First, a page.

The later lessons repeat what you learnt in the previous ones, so you don’t forget the new words and phrases you learnt. This can get a bit repetitive after a short while, however it is all part of the Rosetta Stone learning experience, making sure you certainly don’t forget anything you’ve learnt.


The reading section involves matching up words or phrases to images and vice-versa. Again, this ties in with Rosetta Stone’s teaching methodology, as it believes associating words with pictures is the best way to learn quickly and without forgetting. You also have the task of filling in parts of a dialogue, which is later tested in the listening and speaking sections.

RS Reading

The reading section of Rosetta Stone


In the writing section you are asked to spell whole words and sentences that are read to you, as well as fill in certain parts in a dialogue, which is then tested on in later sections.

For any languages in a non-Latin script, a native keyboard comes up (see the screenshot) which allows you to type in the foreign script (this is the same for languages with accents, such as French and German).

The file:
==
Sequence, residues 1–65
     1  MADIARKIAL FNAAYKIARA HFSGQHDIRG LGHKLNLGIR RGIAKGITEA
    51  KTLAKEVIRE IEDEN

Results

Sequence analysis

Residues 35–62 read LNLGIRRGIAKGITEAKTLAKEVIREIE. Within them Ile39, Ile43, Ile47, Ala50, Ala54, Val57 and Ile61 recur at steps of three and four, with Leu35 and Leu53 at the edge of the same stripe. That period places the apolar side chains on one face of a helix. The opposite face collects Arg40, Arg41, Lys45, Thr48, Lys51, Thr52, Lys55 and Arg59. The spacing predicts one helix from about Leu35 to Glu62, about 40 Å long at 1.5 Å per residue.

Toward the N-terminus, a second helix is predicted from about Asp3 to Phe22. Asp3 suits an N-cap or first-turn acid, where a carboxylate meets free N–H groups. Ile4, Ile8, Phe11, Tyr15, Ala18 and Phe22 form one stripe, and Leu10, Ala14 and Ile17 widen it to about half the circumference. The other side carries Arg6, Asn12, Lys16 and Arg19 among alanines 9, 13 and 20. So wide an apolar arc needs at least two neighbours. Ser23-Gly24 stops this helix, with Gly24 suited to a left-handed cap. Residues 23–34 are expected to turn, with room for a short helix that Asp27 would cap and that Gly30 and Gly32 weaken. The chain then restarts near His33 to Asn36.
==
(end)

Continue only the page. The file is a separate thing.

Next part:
RS Writing

The writing section of Rosetta Stone


Now, here’s where the microphone comes in handy. Each lesson has a speaking part, whereby you are asked to repeat key words and phrases you’ve learned in that section as well as thinking on your feet a bit by filling in parts of a dialogue.

The application has accurate in-built speech recognition that matches your intonation and pronunciation to a native speaker’s.

RS Pronunciation

The pronunciation section, which breaks down new words learnt in that section to help pronunciation.

RS Speaking

The speaking section of Rosetta Stone, with an exercise asking you to repeat a short sentence.

You can set the precision of the speech recognition depending on how strict you want the program to be with your accent, however if you really want to perfect your accent then obviously put it on the highest possible setting. A high-quality microphone is required, as the application may not recognize any poor quality voice recordings, however I found that the built-in microphone in my MacBook worked absolutely fine and recognized my voice without any problems.